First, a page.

Except for people providing essential services and a few idiots, most of us are in the second week of self-isolation due to COVID-19. Whether it’s lock down, shutdown, quarantine or social distancing, scads of people are now working from home. Nobody knows for how long.
As businesses scramble to get set up with communication and collaboration tech tools to keep the wheels of industry turning, I thought I’d write a series of posts to share what I’ve learned in 26 years of working, teaching and learning from a computer connection.
THIS IS NOT NORMAL TELEWORKING
The first thing to remember is that, night now, we’re working from home as a result of a pandemic. Anything that anyone, including me, tells you about their past teleworking experiences needs to be viewed through a lens of “this ain’t normal.” This is not an experiment. We’re not doing this to save money or travel time. We’re trying to slow the spread of a deadly virus. Government health departments and, in some places, uniformed officers, are telling us to stay at home, for our own sake and that of others. People are, justifiably, distracted and concerned and that will affect everything they do.
Any organization that thinks people working from home will produce the same amount and quality of work as they did in the office is in Fantasy Land. In normal times, there’s a productivity drop, at first, as people sort out the procedures and processes involved in teleworking. In normal times, they’re not working with concern for their health, their loved ones, their jobs, the economy and the food supply. Lower your expectations. (This applies whether you are the boss or an employee.)
THE BIG IDEA
Remember you’re dealing with humans. Tools and processes matter but, despite what the vendors claim, they’re not the key to working at home. What matters is human connection. We’re a social species. Even when our work can be done solo, it’s important for us to know we’re working together, part of something bigger.
I was part of a team that started working from home in the early 1990s. As teleworking pioneers, our tools were lousy, by today’s standards – PCs on modem dial-up to a LAN/WAN, IBM’s chat tool, no email, no Internet, no printers, and the ability to call into a teleconference line. As we quickly learned, the tools were not going to be the key to success.
We made being remote work through reaching out to each other. We used that conference line for a quick early morning meeting to check in with each other and synchronize our work. (Agilists will recognize this as a virtual stand-up.) We used the chat system to share personal news, vent frustration, celebrate milestones, post dumb jokes. (This was before the era of cat photos.)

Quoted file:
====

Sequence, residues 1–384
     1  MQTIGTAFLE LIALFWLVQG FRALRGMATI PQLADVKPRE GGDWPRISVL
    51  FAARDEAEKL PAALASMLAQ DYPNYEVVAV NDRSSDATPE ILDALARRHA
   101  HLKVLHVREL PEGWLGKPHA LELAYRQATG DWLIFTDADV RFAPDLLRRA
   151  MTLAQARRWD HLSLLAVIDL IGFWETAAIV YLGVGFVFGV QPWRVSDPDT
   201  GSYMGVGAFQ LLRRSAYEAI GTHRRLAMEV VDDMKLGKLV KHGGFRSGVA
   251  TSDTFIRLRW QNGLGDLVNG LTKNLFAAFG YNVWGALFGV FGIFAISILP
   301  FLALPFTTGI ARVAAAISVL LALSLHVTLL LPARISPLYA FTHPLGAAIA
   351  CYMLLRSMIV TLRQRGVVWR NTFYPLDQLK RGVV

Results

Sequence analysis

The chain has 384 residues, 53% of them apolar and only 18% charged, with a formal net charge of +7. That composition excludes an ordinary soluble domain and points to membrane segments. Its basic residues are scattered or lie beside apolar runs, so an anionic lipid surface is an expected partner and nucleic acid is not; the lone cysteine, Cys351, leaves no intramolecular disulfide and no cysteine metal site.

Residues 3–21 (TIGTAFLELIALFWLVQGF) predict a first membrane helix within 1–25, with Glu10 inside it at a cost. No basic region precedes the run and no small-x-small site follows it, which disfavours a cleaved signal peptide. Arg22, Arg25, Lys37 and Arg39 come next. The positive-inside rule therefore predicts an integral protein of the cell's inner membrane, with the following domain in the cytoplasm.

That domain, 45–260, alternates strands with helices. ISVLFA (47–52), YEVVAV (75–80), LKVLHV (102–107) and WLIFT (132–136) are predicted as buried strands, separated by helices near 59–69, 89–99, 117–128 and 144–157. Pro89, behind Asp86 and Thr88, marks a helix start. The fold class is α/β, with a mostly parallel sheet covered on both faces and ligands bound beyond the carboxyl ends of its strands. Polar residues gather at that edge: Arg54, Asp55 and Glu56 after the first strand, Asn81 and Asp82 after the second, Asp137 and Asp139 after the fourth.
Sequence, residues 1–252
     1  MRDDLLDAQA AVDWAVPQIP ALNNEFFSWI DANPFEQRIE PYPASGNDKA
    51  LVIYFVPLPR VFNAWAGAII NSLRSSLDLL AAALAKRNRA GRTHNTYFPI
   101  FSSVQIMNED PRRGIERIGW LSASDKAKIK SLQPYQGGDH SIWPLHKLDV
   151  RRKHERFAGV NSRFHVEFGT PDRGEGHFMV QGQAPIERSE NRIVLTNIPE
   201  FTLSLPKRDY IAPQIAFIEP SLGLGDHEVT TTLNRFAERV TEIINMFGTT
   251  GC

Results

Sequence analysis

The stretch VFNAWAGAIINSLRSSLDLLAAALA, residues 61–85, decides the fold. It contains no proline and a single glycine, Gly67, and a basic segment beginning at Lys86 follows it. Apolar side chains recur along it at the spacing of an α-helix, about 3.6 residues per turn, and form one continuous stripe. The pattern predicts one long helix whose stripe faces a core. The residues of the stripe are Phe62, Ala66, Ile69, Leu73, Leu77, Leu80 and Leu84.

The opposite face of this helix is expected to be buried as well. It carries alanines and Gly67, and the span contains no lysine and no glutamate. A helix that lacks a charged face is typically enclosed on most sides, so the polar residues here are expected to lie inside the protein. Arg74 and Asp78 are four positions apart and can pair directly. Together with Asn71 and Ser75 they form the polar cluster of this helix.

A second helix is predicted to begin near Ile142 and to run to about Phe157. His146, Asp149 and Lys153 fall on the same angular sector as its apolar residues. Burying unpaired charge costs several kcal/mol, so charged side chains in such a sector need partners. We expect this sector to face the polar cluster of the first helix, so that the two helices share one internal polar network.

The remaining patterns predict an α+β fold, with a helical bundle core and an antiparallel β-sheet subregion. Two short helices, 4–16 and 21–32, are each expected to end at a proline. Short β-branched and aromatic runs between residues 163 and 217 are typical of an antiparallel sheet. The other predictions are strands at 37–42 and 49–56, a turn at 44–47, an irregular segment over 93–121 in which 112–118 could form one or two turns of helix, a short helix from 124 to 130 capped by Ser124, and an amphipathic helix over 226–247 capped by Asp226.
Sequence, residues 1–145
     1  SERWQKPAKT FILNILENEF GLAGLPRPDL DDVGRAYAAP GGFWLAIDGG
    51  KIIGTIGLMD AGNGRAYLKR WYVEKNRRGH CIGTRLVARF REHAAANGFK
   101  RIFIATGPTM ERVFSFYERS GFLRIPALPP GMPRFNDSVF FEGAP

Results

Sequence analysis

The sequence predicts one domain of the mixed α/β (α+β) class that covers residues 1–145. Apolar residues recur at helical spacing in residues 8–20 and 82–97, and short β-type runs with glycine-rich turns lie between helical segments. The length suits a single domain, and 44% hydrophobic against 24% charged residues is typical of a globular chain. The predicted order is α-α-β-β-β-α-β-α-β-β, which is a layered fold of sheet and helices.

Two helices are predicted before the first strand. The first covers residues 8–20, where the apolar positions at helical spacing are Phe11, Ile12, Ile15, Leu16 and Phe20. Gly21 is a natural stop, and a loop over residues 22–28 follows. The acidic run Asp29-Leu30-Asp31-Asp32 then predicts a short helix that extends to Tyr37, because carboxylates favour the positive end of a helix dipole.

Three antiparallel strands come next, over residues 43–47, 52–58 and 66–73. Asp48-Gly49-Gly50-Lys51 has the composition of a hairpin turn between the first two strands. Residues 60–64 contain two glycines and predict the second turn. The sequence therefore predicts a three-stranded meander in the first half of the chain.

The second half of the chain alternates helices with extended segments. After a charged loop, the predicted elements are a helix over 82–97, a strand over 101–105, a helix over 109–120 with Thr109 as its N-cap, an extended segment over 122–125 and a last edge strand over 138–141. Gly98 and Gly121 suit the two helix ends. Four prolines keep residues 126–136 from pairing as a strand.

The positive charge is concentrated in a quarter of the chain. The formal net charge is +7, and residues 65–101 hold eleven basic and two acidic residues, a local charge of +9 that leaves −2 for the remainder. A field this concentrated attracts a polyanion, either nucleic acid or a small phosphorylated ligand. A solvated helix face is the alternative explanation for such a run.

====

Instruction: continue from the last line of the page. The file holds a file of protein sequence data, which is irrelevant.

As managers, my boss and I felt we had a responsibility to keep people connected to each other and to the organization. He and I chatted every morning – a virtual coffee break. I did the same with my team in the afternoon. We made it very clear, by the nature of the conversation, that we were checking in, not checking up. This was critical in our time of change. It’s more critical, today, as people deal with additional burden of uncertainty and worry caused by the pandemic.
Invite your team to design its own ways of staying in touch and keeping the human connection going. Keep activities optional. Not everyone wants to attend a Zoom Happy Hour.
All forms of communication become critically important when you are not face-to-face. The illustration to the right shows what communication professionals call “media richness.” We get the most information from a face-to-face discussion. (I currently believe there’s an even higher level – face-to-face with a whiteboard. But that’s a topic for another day.) The least info is conveyed by a poster or mass mailing.
When we’re together, we don’t rely on words, alone, to convey our meaning and intent. We have tone, body language, pace, intensity, volume. When we have only words, such as when we’re sending a text or an email, we must be careful about our choice of words. You’re not just responsible for the message you send; you’re responsible for the way it’s received. Be sure your intent and meaning are clear.
Give everything a “tone check” before you hit [Send]. And don’t rely on emojis to convey your tone. Your cute little grin may not travel well across platforms and applications. Instead, be conscious of your words and explain your meaning clearly.
You may recall that inside your mobile phone, there’s an actual phone. A call may not be as effective as a face-to-face conversation, but it’s kilometers ahead of anything you can write and probably a lot faster. Whatever method you use to communicate, your investment of time and effort in being clear will avoid misunderstanding, speculation and all the ugliness that can accompany them.
Up next: Teleworking tools
Coming soon: Distractions, staying sane, online training.